OPEC extends output cuts for 9 months

OPEC members have agreed to extend the voluntary oil production cuts for another nine months, with the aim to keep the oil prices “stable,” with Russia also supporting the extension.

“In view of the current fundamentals and the consensus view on the outlook for the remainder of 2019, the Conference decided to extend the voluntary production adjustments agreed at the 175th Meeting of the OPEC Conference for an additional period of nine months from 01 July 2019 to 31 March 2020,” OPEC said Monday following the OPEC conference in Vienna.

The extension was also supported by Russia, the 15th meeting of the Joint Ministerial Monitoring Committee of OPEC and participating not OPEC countries also held in Vienna on Monday.

According to a statement by the Russian energy ministry, the JMMC meeting participants confirmed their readiness to ensure a balanced oil market, and also supported the proposal to extend the agreement to restrict oil production for another 9 months. Russian energy minister Alexander Novak said that the extension for a longer period was not discussed.

The 6th OPEC and non-OPEC Ministerial Meeting will take place on 02 July 2019.

OPEC on Monday said it the conference had taken note of oil market developments since it last met in Vienna on 06/07 December 2018, and reviewed the oil market outlook for the remainder of 2019 and into 2020.

“It was noted that economic bearishness is now increasingly prevalent, with major challenges and mounting uncertainties related to ongoing trade negotiations, monetary policy developments, as well as geopolitical issues,” OPEC said.

“It was also observed that oil demand growth for 2019 has been revised down since the last meeting of the Conference to now stand at 1.14 million barrels a day (mb/d), and non-OPEC supply in 2019 is expected to grow at a robust pace of 2.14 mb/d, year-on-year,” OPEC added.

Ahead of the decision on the extended cuts, Manuel Salvador Quevedo Fernandez, Venezuela’s People’s Minister of Petroleum, and President of the OPEC Conference commended “the stellar efforts” of the Kingdom of Saudi Arabia who has led the way in terms of its voluntary production adjustment.

“This has been driven by HE Al-Falih, who has put his country ‘front and center’ of the efforts to rebalance the market and return the sustainable stability we all desire,” Fernandez said.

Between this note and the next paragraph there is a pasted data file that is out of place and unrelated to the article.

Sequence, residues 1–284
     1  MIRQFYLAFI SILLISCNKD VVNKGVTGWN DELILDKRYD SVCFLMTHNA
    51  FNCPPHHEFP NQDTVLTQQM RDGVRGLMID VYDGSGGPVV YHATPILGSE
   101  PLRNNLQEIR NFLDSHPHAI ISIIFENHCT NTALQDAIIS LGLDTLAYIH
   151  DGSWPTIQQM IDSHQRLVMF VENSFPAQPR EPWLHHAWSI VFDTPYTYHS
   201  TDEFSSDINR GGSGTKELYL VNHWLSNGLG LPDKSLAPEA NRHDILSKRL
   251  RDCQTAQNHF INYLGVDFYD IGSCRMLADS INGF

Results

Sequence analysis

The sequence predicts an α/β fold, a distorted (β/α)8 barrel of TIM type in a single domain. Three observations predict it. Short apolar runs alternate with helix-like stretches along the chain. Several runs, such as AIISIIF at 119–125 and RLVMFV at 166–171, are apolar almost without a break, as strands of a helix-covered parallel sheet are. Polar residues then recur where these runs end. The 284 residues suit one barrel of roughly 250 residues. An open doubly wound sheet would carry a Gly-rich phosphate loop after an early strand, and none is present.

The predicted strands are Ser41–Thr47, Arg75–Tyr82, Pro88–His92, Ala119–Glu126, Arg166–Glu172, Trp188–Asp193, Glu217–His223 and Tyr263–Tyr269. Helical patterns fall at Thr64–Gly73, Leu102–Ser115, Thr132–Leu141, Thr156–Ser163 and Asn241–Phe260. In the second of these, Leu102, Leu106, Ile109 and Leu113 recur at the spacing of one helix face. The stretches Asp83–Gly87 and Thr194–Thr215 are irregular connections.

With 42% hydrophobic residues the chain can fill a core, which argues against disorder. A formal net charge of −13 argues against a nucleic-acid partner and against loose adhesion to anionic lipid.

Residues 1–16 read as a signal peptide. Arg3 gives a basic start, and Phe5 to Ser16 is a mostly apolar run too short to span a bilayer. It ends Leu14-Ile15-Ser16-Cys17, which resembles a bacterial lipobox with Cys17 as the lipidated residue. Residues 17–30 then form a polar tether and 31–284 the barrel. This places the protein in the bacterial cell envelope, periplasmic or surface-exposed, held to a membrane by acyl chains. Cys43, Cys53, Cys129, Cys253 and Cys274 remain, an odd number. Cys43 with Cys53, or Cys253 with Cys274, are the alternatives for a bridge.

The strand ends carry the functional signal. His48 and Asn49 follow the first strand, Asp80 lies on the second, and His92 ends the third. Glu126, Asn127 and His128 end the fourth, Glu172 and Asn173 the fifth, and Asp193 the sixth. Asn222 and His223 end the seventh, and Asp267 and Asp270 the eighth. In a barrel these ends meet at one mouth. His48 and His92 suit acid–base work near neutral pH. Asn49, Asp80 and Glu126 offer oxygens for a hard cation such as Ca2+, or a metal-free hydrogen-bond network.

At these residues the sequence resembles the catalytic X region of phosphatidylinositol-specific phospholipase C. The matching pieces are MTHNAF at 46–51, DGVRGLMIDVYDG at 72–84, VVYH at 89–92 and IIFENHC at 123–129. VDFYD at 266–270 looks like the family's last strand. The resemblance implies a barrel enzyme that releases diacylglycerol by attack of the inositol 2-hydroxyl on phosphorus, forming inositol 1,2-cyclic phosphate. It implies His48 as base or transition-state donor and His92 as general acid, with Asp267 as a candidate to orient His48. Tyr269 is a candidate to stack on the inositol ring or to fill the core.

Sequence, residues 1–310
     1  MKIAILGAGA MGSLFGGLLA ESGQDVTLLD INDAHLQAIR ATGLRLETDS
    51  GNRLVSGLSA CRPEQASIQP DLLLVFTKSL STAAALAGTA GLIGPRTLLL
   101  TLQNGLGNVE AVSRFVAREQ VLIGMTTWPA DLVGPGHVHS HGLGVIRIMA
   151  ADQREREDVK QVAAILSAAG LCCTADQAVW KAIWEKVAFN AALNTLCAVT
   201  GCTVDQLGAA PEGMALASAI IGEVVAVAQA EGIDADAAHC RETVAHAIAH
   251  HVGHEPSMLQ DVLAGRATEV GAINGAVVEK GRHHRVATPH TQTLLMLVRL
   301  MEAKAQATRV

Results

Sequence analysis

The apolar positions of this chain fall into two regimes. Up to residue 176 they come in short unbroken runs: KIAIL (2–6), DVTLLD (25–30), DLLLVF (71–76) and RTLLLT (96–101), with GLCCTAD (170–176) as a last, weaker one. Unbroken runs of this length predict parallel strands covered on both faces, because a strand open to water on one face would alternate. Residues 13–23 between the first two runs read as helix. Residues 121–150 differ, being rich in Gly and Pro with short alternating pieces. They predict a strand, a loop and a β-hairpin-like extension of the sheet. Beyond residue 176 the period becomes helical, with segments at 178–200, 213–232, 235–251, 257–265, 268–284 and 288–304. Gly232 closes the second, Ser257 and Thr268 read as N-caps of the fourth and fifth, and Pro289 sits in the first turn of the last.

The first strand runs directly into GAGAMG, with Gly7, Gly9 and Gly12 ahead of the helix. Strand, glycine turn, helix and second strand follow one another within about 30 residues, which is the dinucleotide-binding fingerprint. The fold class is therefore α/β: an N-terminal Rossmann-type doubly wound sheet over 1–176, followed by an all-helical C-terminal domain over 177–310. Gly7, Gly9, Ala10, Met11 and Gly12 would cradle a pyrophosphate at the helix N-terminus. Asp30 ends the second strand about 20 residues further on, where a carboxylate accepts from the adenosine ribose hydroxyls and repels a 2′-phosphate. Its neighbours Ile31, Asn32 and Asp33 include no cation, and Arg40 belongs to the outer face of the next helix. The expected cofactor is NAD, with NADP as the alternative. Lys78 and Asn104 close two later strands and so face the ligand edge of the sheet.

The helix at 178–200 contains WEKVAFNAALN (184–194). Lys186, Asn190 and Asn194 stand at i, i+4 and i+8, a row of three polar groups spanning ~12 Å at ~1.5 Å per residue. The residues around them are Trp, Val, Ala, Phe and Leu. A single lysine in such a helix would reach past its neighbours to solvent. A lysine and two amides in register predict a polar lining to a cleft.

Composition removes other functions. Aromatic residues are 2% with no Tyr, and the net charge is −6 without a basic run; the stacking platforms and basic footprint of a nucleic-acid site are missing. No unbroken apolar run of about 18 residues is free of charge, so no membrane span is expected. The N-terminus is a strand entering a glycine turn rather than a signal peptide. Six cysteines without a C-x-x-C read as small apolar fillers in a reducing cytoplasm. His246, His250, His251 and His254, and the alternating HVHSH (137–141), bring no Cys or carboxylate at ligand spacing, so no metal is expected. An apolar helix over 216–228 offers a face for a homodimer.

He also said that the involuntary supply disruptions in a number of OPEC Member Countries have “in fact impacted supply developments more than the voluntary productions adjustments in the ‘Declaration of Cooperation’”

“From Venezuela, we raise our voice in order to avoid using the oil market as a tool to attack the economies of sovereign nations, which directly affects the welfare and development of the people. This is undoubtedly unjust, illegal and immoral, especially if the one who exercises it does so pursuing dominance,” Fernandez said hinting at the U.S. sanctions against OPEC members Venezuela and Iran.

U.S. – Iran tensions add potential for oil price volatility


Ahead of the OPEC meeting, energy intelligence firm Wood Mackenzie said that worsening tensions between US and Iran added potential for oil price volatility that could be tricky for OPEC members to manage.

Ann-Louise Hittle, vice president, Macro Oils, at Wood Mackenzie said on Sunday: “There is a downside risk for oil demand through the rest of the year if the ongoing trade war intensifies.

“Our forecast assumes no further trade war escalation. On that basis, we expect a tightening in the supply and demand balance in the second half of 2019, which supports prices. Brent is forecast to average $68 per barrel for 2019 as a whole and $69.50/b in the second half of 2019.”

She added: “OPEC compliance is strong, except for Iraq and Nigeria. In May this year, Saudi Arabia had cut its production by more than 0.8 million b/d from its October 2018 reference level. This is far more than required.”

“Adherence to quotas is strong from United Arab Emirates and Kuwait, as well as Algeria and Congo. But Libya, which is exempt from production restraint, saw a recovery in its output in May to around 1.1 million b/d.

“Year-on-year, OPEC crude oil production for 2019 is expected to decline by 1.8 million b/d, with more than half of that reflecting the impact of US oil sanctions on Iran and Venezuela. Venezuela’s production was already in decline, but US oil sanctions are biting, with the country seeing a further 500,000 b/d fall in output since the beginning of the year.”

In 2019, Iran’s production is expected to fall by 1 million b/d year-on-year, as US oil sanctions cut into its oil exports, especially after waivers for consuming nations to import limited Iranian oil were ended in early May 2019. Together, Venezuela and Iran’s crude oil production in 2019 is forecast to fall 1.6 million b/d.

“Non-OPEC production — and US oil supply – are strong, but these losses to OPEC supply carve into global supply growth this year, leaving it at just 0.7 million b/d,” Ms Hittle said.

“The market also faces the uncertainty of the escalation of threats between the US and Iran. That would pose a supply risk in a 100 million b/d global market, with just 3.8 million b/d of spare productive capacity from OPEC. Only 1.8 million b/d of that spare capacity could be made available within a month.

“At present, OPEC has capacity to boost output by about 3.8 million b/d within nine months. Almost all of the 1.8 million b/d that could be brought to market within a month is held by Saudi Arabia, Kuwait and the United Arab Emirates. If a significant outage occurs, the ability of the global industry to meet oil demand will be at risk,” she said.

Offshore Energy Today Staff

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